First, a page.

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CHAPTER 12. CONSUMER AND SMALL BUSINESS LENDING. LEARNING OBJECTIVES. TO UNDERSTAND…. The markets for and importance of small-business lending, consumer installment lending, residential mortgages, and home-equity lines of credit

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CHAPTER 12


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    1. CHAPTER 12 CONSUMER AND SMALL BUSINESS LENDING Chapter 12

    2. LEARNING OBJECTIVES TO UNDERSTAND… • The markets for and importance of small-business lending, consumer installment lending, residential mortgages, and home-equity lines of credit • The credit analysis, pricing, and risks of small-business, consumer, and residential-mortgage lending • Credit scoring for consumers and small businesses and how it can be misused • The importance and growth of subprime lending and the outcry about “predatory practices” and attempts to regulate them • The future of consumer and small-business lending Chapter 12

    3. Overview of Consumer Lending • At year-end 1985, commercial banks held total consumer loans of $284b, at the beginning of 2000, the figure was $558b (compound annual growth of 5%). • Credit-card loans grew from $68b year-end 1985 to $212b at the beginning of 2000 (compound annual growth of 8.5%). • Since year-end 1988, home-equity loans held by all commercial banks have grown from $35b to $98b at the beginning of 2000 (compound annual growth of 9.8%). Chapter 12

    4. The Role of TRICK • Transparency/disclosure/predatory practices have become major issues in subprime lending • Risk exposure of subprime lending has got the attention of the market and regulators • Information technology (credit scoring) plays a major in retail lending Chapter 12

    5. The Role of TRICK (continued) • Competition for customers has intensified especially for consumers and small businesses • Capital adequacy always is an issue in banking and has surfaced with respect to subprime lending Chapter 12

    6. Securitization • Started with government-sponsored enterprises (GSEs such as Ginnie Mae, Fannie Mae, and Freddie Mac) and the residential-mortgage market • Trickled down to credit cards and auto loans Chapter 12

    7. The Characteristics of Small Businesses • 500 employees of less => “small”, however, two-thirds of small businesses have fewer than five employees • Location: 80% in urban areas • SIC descriptionPercent Retail trade 21.7 Business services 21.2 Professional services 16.6 Construction/mining 14.2 All others 26.3 Chapter 12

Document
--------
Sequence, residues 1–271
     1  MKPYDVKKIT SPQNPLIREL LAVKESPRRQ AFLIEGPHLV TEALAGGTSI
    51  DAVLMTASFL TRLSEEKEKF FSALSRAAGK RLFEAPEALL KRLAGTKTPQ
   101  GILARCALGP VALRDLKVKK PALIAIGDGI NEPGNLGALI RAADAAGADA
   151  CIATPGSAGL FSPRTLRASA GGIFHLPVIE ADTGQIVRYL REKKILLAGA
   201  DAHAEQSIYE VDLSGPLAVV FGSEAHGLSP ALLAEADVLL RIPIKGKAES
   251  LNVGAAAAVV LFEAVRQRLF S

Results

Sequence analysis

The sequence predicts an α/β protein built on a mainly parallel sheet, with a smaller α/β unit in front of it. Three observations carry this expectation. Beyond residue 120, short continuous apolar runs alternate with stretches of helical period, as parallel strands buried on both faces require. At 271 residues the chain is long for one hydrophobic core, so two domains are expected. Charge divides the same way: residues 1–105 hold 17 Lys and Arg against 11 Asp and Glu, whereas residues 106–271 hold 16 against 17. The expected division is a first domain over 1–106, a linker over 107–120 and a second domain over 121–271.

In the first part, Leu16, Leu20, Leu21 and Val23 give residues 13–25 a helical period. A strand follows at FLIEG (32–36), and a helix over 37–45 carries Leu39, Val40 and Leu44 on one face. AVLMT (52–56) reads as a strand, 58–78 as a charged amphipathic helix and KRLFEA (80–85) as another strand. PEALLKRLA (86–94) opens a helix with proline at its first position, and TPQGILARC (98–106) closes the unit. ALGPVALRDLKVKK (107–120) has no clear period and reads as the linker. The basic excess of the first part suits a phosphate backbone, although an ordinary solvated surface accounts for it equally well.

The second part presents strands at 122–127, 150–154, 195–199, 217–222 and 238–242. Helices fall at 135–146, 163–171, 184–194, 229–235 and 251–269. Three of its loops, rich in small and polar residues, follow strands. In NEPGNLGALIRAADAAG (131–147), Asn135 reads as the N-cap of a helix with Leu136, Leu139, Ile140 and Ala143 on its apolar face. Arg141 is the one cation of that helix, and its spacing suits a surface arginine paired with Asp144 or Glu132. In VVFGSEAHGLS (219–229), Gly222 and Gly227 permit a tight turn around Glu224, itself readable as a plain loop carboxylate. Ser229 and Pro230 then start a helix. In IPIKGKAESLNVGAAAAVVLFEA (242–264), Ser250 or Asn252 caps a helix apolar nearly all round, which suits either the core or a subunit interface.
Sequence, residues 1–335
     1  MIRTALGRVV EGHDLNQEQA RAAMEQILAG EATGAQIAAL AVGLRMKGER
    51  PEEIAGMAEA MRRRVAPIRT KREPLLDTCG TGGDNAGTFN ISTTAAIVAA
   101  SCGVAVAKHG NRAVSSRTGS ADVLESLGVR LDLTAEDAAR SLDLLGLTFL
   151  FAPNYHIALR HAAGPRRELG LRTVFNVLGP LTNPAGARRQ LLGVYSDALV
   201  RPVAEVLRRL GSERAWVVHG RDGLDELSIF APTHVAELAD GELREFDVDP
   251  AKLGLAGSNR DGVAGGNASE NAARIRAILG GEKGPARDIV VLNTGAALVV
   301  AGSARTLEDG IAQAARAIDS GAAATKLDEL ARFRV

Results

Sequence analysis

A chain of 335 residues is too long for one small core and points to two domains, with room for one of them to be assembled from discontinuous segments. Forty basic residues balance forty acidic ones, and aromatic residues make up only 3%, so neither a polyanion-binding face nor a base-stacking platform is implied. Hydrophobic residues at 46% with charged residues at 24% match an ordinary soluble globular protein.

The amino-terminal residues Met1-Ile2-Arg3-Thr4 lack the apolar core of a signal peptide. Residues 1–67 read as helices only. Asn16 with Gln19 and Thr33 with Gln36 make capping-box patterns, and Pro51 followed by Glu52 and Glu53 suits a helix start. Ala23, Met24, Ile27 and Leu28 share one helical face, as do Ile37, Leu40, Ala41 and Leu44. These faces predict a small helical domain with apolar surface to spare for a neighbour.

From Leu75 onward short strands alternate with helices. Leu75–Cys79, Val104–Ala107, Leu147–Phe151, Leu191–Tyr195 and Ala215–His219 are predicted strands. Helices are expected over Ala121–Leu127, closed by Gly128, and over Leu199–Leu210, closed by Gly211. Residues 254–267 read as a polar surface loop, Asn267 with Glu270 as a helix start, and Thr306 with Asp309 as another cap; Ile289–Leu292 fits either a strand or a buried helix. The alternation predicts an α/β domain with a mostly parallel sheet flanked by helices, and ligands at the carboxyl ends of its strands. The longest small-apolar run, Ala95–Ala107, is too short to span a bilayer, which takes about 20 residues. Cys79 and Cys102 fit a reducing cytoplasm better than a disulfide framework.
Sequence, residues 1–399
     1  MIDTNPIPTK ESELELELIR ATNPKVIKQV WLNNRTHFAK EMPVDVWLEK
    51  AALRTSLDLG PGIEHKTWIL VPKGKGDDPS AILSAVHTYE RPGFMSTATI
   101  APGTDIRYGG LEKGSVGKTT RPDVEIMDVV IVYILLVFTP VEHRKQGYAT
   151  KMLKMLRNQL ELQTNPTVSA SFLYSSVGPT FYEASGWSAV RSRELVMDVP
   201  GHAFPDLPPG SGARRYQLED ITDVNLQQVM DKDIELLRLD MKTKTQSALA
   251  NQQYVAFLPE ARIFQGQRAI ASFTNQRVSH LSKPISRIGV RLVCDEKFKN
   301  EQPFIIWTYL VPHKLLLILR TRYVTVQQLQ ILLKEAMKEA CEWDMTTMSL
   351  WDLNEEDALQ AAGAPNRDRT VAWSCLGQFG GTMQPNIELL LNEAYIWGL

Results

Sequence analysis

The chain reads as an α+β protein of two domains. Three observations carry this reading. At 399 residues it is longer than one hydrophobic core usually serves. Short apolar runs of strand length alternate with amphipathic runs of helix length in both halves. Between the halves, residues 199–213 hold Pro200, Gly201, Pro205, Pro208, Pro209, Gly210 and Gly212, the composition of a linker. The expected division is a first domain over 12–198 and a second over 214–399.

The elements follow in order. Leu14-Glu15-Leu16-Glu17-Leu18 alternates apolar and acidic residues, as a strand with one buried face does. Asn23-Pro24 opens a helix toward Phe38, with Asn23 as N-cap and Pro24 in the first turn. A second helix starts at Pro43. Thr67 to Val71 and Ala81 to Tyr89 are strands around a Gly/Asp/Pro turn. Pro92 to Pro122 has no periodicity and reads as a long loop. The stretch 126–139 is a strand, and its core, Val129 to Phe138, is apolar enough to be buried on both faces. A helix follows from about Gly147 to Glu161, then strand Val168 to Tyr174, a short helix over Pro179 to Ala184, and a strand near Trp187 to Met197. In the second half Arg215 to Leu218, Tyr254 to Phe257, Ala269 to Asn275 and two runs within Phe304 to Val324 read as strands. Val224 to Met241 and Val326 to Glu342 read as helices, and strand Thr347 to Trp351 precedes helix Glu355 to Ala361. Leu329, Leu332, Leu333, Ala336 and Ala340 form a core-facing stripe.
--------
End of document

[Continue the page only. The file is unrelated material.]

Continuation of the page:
8. Financial Services Usedby Small Businesses • Three broad categories of services • Liquid-asset accounts • Checking and savings • Credit lines, loans, and capital leases • Financial-management services • Cash management, brokerage, trust, pension Chapter 12

    9. The Suppliers • Depository institutions • Table 12-3 (p. 397) shows that commercial banks dominate as suppliers of financial services to small businesses • Nondepository institutions • Finance company, brokerage, leasing • Nonfinancial • Family, individual, other businesses, government (SBA) Chapter 12

    10. Credit Analysis and Credit Scoring • Evolution from the 5Cs to credit scoring for consumers • Small businesses stand on the far left-hand side of the borrower-information continuum (Ch. 10) – scare information that is costly to obtain • Fewer than five employees => 5Cs approach might be best, especially character Chapter 12

    11. Credit Scoring: Understanding FICO (Box 12-1, p. 400) • Fair, Isaac & Co. is a risk-management company that have developed a credit-scoring system referred to as FICO. • A FICO score is based on information found within your credit report. The 5 basic categories of importance: • Payment History • Outstanding Debt • Credit History • Pursuit of New Credit • Types of Credit in Use Chapter 12

    12. Credit Scoring and Decision-Making • Figure 12-1 (p. 401) illustrates the trade-off at origination between credit score and the loan-to-value (LTV) ratio • Don’t short change the importance of human judgment Chapter 12